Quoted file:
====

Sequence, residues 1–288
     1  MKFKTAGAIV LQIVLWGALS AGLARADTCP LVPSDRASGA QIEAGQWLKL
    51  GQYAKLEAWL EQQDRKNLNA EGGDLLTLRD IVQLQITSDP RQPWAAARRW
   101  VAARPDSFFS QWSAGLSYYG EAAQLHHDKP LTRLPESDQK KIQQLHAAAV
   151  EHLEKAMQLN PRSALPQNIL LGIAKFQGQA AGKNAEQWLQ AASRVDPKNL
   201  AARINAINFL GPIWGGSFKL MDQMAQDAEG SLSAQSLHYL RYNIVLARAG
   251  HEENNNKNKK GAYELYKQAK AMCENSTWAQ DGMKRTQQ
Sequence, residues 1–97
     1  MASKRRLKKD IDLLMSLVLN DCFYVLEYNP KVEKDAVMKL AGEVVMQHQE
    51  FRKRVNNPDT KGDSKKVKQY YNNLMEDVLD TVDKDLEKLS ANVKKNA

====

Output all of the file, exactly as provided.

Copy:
Sequence, residues 1–288
     1  MKFKTAGAIV LQIVLWGALS AGLARADTCP LVPSDRASGA QIEAGQWLKL
    51  GQYAKLEAWL EQQDRKNLNA EGGDLLTLRD IVQLQITSDP RQPWAAARRW
   101  VAARPDSFFS QWSAGLSYYG EAAQLHHDKP LTRLPESDQK KIQQLHAAAV
   151  EHLEKAMQLN PRSALPQNIL LGIAKFQGQA AGKNAEQWLQ AASRVDPKNL
   201  AARINAINFL GPIWGGSFKL MDQMAQDAEG SLSAQSLHYL RYNIVLARAG
   251  HEENNNKNKK GAYELYKQAK AMCENSTWAQ DGMKRTQQ
Sequence, residues 1–97
     1  MASKRRLKKD IDLLMSLVLN DCFYVLEYNP KVEKDAVMKL AGEVVMQHQE
    51  FRKRVNNPDT KGDSKKVKQY YNNLMEDVLD TVDKDLEKLS ANVKKNA